Did you know it can cost less than a dollar to kill a big cat?
A wire snare is cheap to make, easy to set and deadly for big cats. Whether used by local people hunting for food, or by highly organized poachers killing cats for their skins and bones, snares are used around the world to hunt wildlife. Snares almost always result in drawn-out, painful deaths due to infection or starvation.
One recent victim close to my heart is a leopard called Ngoye. She is the central character of a project I started 10 years ago in Phinda, South Africa -- Panthera's Munyawana Leopard Project. Monitored intensively since she was a year old, Ngoye shared with us her life story. Over the years, Ngoye has been a successful mother to at least six leopard cubs, many of which have gone on to raise their own young; and her most recent litter of two cubs was born in the fall of 2011.
But this is where her story turns.
Last December we spotted Ngoye limping badly and bleeding heavily from her left paw. Her six-month-old cubs were nowhere to be seen. Tristan Dickerson (our Leopard Program Coordinator) made the decision to intervene and anesthetize her, discovering that she had become entangled in a wire snare. It had cut deeply into her paw, cutting off circulation and causing massive damage to the tissue. In the desperate fight for her own survival and with all sensation to the paw lost, Ngoye chewed off three of her toes to set herself free.
To save Ngoye's paw, and her life, our team performed two surgeries over the course of a month. Ngoye remained in the wild, but we provided her with food and water, knowing that she would not be able to hunt while her wounds healed.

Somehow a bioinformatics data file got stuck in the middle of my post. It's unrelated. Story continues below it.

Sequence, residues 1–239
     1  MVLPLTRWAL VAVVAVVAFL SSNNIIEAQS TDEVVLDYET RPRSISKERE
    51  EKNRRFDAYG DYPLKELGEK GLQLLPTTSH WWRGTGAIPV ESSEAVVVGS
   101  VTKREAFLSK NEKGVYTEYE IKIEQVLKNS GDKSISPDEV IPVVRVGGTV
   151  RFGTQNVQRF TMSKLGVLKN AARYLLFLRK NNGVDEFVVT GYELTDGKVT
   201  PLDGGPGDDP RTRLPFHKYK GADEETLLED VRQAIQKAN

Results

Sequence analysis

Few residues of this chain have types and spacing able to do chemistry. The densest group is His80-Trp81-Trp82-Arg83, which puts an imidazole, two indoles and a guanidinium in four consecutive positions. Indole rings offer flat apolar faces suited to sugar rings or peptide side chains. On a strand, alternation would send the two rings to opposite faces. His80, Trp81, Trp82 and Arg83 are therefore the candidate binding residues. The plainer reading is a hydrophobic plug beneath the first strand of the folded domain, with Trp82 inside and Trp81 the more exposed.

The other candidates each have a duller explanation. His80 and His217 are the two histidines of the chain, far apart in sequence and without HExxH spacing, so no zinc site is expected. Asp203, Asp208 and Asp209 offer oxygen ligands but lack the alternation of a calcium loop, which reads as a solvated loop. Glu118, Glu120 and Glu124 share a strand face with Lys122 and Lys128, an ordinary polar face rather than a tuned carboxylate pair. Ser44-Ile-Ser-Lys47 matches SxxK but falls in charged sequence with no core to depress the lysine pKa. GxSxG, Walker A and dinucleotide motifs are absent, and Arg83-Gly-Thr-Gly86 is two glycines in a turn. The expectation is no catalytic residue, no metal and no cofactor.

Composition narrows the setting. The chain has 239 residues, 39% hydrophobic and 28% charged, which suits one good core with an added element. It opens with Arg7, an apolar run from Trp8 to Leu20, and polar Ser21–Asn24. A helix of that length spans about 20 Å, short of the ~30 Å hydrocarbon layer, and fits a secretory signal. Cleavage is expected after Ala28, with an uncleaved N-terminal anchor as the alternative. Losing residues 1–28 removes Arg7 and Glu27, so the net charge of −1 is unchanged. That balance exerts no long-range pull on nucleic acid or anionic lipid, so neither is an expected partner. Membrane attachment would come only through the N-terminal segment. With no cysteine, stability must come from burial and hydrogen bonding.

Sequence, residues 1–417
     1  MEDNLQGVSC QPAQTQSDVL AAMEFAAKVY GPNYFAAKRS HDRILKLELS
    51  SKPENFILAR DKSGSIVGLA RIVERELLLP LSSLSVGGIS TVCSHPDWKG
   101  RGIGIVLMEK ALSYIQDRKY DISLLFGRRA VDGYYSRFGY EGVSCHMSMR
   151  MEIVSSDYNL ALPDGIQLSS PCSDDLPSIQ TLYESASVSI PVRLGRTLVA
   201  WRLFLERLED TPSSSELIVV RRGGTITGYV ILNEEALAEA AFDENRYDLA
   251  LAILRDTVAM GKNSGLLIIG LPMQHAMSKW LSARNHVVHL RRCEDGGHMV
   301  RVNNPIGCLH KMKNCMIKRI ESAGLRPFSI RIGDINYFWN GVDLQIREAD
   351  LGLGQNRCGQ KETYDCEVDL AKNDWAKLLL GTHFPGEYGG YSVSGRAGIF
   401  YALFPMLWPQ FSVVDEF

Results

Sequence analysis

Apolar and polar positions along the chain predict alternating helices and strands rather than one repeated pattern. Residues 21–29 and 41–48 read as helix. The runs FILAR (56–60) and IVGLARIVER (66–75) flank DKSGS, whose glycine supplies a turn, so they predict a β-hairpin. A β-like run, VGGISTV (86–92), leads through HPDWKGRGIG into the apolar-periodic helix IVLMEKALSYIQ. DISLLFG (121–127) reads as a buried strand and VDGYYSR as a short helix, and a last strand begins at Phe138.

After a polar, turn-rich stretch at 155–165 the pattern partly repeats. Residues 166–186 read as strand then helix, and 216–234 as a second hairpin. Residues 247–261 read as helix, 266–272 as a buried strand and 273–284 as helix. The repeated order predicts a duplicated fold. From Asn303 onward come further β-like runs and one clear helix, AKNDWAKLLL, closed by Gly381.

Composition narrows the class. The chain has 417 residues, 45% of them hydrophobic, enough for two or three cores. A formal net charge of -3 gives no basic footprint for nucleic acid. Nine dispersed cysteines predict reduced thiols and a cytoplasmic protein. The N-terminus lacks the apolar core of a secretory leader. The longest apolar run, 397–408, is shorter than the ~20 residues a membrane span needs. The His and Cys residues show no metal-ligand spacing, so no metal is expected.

Several months have passed now, and the field updates are encouraging. She is moving without a limp and has begun to hunt for herself. While we were able to save Ngoye's life, she was unable to fend for her two cubs. The snare cut their young lives short.
Ngoye's story would have been very different had she not been part of Panthera's study. There are many thousands of other snare victims around the world that are not so lucky.
Dr. Luke Hunter is the President of Panthera, the world's leading organization devoted exclusively to the conservation of wild cats and their ecosystems. Hunter has conducted fieldwork on large cats in Africa since 1992. His current projects include assessing the effects of sport hunting and illegal persecution on leopards outside protected areas, developing a conservation strategy for lions across their African range, and the first intensive study of Persian leopards and the last surviving Asiatic cheetahs in Iran.
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